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One of the foremost coaches in world rugby is to visit Scotland next month to spend time with the country’s two pro-clubs and to outline his philosophies to senior club and school coaches.


Wayne Smith, part of the management team that piloted New Zealand to last year’s Rugby World Cup, and who last month coached the Chiefs from Waikato to the Super Rugby title, will spend a week each with Edinburgh Rugby and Glasgow Warriors, observing the coaching teams led by Michael Bradley and Gregor Townsend respectively. Earlier in the summer, Townsend was in Waikato to see the Chiefs’ set-up. Smith will also present four invitation-only workshops to coaches at various levels of the professional, age-grade, club and school game during his fortnight stay.

Graham Lowe, Scottish Rugby’s Director of Performance Rugby, said: “We are delighted that Wayne will be spending time with our pro-clubs but for us it’s also important that those who are coaching in our clubs and schools have the opportunity to hear his ideas and get the chance to chat around best practice in one of the key areas of the game – the breakdown.”

Wayne Smith told “I’m really excited to visit Scotland and share some ideas. I have Scottish heritage and have always cherished touring here in the past with the All Blacks.

“Every coach has different thoughts on how to play the game and hopefully my Antipodean ideas will stir some interest! In my experience, every time you share an idea, you get a few back. From that perspective, I’m sure we’ll have some great conversations over the two weeks and we’ll all get something from them.”

Jock Peggie, Scottish Rugby’s Coaching Development Manager, said: “We are offering first XV coaches at under-18, school and adult club level the chance to hear at first hand the principles and strategies employed by a world-class expert in the game.

“By the end of each of the workshops, coaches will have an understanding of Wayne’s principles and strategies in the following areas:

• Try-scoring trends (the importance of turnover ball)
• Defensive structure
• Getting the ball back in the tackle and
• Recognising when the circumstances are right to counter-ruck.”

The presentations will be followed by a Q&A session. Peggie noted: “This is an extension to the work undertaken by our own Eddie Pollock under his specialist skills programme where a number of Scotland’s top coaches deliver sessions around the country.

“Having Wayne here supplements our existing education and development opportunities.  He’s looking mainly at the tackle area, which is a very important part of the game and I would say to all club coaches that there’s a great chance to take what you believe could work for you and your team from what he has to say.”

Workshops for first XV coaches with National, Championship and Regional Division clubs and all club & school under-18 first XV coaches will take place on Monday 22 October at the club deck, Scotstoun Stadium, Danes Drive, Glasgow G14 9HD and on Monday 29 October in the President’s Suite, Murrayfield Stadium, Edinburgh EH12 5PJ, both from 7-9.30pm.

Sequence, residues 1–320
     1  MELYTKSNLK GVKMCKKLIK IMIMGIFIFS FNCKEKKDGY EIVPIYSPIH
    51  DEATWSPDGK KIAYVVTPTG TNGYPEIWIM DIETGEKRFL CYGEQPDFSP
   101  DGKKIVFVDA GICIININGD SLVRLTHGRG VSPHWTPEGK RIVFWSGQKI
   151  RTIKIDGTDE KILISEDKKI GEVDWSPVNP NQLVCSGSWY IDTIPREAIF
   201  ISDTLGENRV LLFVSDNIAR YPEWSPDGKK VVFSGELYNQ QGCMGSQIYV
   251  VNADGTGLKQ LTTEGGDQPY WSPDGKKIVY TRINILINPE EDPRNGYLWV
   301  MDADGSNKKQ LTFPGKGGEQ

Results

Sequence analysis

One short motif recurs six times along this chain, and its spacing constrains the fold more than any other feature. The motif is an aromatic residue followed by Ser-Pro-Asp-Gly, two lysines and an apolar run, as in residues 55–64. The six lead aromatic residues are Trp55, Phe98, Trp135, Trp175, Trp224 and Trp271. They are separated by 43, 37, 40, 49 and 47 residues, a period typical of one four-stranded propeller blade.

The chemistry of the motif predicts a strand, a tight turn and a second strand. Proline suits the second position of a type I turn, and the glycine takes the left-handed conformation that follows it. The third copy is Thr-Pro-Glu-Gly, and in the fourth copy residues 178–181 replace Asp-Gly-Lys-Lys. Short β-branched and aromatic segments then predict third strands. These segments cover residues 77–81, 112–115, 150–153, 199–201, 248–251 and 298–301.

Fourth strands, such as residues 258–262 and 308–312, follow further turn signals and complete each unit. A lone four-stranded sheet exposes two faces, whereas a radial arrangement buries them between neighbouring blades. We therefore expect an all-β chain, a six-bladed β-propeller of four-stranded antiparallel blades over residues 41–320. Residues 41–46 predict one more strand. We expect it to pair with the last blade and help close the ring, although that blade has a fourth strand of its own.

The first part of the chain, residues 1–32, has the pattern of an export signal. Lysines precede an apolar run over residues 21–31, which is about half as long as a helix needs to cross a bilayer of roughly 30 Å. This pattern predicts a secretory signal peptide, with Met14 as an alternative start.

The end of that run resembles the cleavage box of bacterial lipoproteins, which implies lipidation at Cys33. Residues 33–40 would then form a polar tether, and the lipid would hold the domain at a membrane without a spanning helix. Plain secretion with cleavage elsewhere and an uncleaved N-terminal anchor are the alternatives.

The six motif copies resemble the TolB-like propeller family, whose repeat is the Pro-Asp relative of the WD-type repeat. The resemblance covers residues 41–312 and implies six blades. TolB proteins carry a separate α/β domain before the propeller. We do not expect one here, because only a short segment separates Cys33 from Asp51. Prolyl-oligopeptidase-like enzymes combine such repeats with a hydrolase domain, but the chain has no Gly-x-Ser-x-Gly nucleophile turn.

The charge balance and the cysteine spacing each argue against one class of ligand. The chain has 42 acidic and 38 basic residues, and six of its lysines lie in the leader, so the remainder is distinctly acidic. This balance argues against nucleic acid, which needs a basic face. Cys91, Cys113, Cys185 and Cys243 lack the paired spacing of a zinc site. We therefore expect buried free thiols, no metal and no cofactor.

Workshops for coaches in the professional teams, RBS Premier Division, national-age-grade teams and selected Scottish Rugby staff will take place on Wednesday 24 October at Scotstoun and Wednesday 31 October in the Smith & Wallace Suites at Murrayfield.  Again, both workshops will run from 7-9.30pm.

Peggie added: “This is an exciting opportunity and, going forward, we will look to repeat similar initiatives, targeted at specific areas of the game.”

2 Responses to Wayne Smith on his way to Scotland

  • 1

    I see that there is no “kick the ball aimlessly away” catagory that he will be coaching.
    Oh wait……..

  • 2

    @ Loosehead:
    Hello Loosehead you are right that is not on the agenda which is just as well as Andy Robinson seems to favour the ball in hand approach anyway. Don’t know what the final stat was but going into the last 6 nations game earlier this year Scotland had the highest amount of passes completed, so hopefully Smith’s input can help make more of those passes count and see Scotland scoring more tries. Sometimes it looked to me that they were passing the ball like it was a hot potato even if they didn’t make any ground in doing so as part of instruction and I felt they over did it at times especially when after 20 passes someone would eventually knock on or put a wayward pass, but I guess its just a question of time before the players execute Robinson’s philosphy the way he would like. I would still like to see a bit of variation in the play though as opposing teams can just fan out across the field and keep Scotland behind the advantage line with all the passes, so hopefully they will add variation in the angle of running onto the ball and also get the ball quicker out of the rucks, not sure if Robinson is that keen on the grubber but Ruaridh Jackson does them quite well so this can also be added to the play to keep the opposition guessing as long as its not over done. Having said Robinson doesn’t seem to favour the kick and chase we may just see a bit more of that in the upcoming internationals as with Tim Visser he has a strong player who competes very well in the air, but Visser also runs so well that they will want to pass the ball to him as well.


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